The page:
Midlothian's Untapped Potential
Posted in the Park Forest Forum
#1 Jan 13, 2013
My parents purchased their first home in Midlothian in the early 80's, and it was a wonderful place to grow up. I graduated from Bremen in the early 90's and bought my first home in Midlothian in 95.
The Midlothian of today is strikingly different.
For many years, Midlothian's economic viability depended heavily on car dealerships. As they declined so did the village.
Through this lack of vision, Midlothian has failed to capitalize on it's most valuable resource: Location, Location, Location.
Midlothian is the closest south-suburban village to Chicago with direct access via Metra and I-57. Imaging the area surrounding the train station lined with upscale condo's and a thriving "downtown" with shopping, restaurants, and nightlife. Attracting professionals who work in the city by providing a place to live, spend, establish roots and raise families.
Ignoring this potential resource has taken a toll on another, even greater resource: the wonderful people and families that make up the community.
A Dollar Store or Grocery will not turn this community around. It is not too late. Real transformation will take strong leadership with a solid vision and the talent to achieve.
While I now live in the Western Burbs, I still consider Midlo my hometown and I hope leadership with a vision will emerge- before it is too late.
“Always willing to lend a hand”
Since: Dec 09
#2 Jan 13, 2013
Indeed friend, indeed.
Look carefully at the proposed map I have linked here...
Look carefully at the violet (not purple) segment. It appears one of the proposed alternative routes for amtrak will come right through midlothian on the Rock Island tracks.
On the current route, there is one stop halfway between Joliet and Chicago; Summit.
Can you guess which glorious suburb sits halfway between Joliet and Chicago along the rock Island tracks?
I'll give you a hint. It possesses the most glorious topix editor that has ever existed.
For your further curiosity about this matter....
#3 Jan 13, 2013
Home rule unlimited taxing for projects other than necessities bankrupts municipalities, counties, and the state of Illinois. Midlothian is well on its way like Markham, Country Club Hills, and Bridgeview.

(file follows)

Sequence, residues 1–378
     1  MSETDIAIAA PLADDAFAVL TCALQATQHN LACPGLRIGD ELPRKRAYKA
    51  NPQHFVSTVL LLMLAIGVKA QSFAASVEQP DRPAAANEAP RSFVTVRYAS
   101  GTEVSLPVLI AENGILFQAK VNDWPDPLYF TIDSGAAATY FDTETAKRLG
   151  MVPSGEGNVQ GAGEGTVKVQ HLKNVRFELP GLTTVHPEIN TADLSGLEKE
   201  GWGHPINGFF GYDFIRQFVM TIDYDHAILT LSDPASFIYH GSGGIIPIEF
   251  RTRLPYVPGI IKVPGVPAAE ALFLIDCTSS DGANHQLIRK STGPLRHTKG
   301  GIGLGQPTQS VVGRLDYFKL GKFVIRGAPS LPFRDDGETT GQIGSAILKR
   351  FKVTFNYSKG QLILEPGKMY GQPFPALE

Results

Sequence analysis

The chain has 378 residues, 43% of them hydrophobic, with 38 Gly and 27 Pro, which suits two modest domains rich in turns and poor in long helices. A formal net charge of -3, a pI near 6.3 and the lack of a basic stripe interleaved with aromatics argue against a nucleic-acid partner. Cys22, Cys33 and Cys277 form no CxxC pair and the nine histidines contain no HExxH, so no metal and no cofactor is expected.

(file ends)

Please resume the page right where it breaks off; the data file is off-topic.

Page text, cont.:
#4 Jan 13, 2013
Perception is reality..no way professionals working in Chicago would choose to live in this neighborhood...now...any one want to guess the real reason....hmmm...what could it be? I wonder why people left the city originally to live in the suburbs? Hmm...what could it be?
#5 Jan 13, 2013
#6 Jan 13, 2013
Chicago is a centrally located Home Rule municipality, close to airports, highways, metra, and businesses. Home Rule should make Chicago crime free and a less expensive place to live, work, and visit. Right?
#7 Jan 13, 2013
#8 Jan 14, 2013
Professionals working in Chicago have proven, time and again, that they are willing to invest in an area IF they believe the future is bright. In the city it is called "Gentrification" and occurs in areas far worse than Midlothian. Many areas that were the among worst in the city just ten years ago are now thriving communities made up of professionals working in Chicago.
Granted, Midlothian and other suburbs have suffered from the effects of gentrification in Chicago. Many former inner-city project residents are now suburban Section-8 apartment residents. Nonetheless, this is not the cause of Midlothian's current condition. Rather, it is the effect of poor leadership and lack of vision.
Blaming others for one's own failures is admitting weakness. The future is not predetermined. A bright future is possible, and it will require strong leadership with a solid vision and the ability to overcome difficulty to achieve it.
#9 Jan 14, 2013
Looking towards what is possible, Midlothian can draw inspiration from towns like Brookfield and LaGrange. Both take capitalized of their location along the rail line to develop thriving "downtown" areas while maintaining strong neighborhoods of homes. Both also border some rougher areas as well.
Many other suburban communities have taken advantage of having a train station. Villages like Lisle, Glen Ellyn, and Wheaton have had great success without the need for "Big Box" stores or chain restaurants. Midlothian has a soul that Crestwood will never have, no matter how many strip malls they build.
#10 Jan 14, 2013
Thats right you have a lot of sould brothers. That is why you can build all the box stores, restaurants or what ever and they will fail because Midlothian has a lot of what will not support that typre of business venture and do not work (at all) downtown. It is soul brothers. Get use to small liquor stores thriving on the link card. That is all you got left. Very short sighted leaders. You have lost out and will never catch up.
“26 year Midlo resident”
Since: Feb 09
#11 Jan 15, 2013
I have no idea who the glorious topix editor is? I guess you could mean Mr Invisible but he has been missing for quite a while now.
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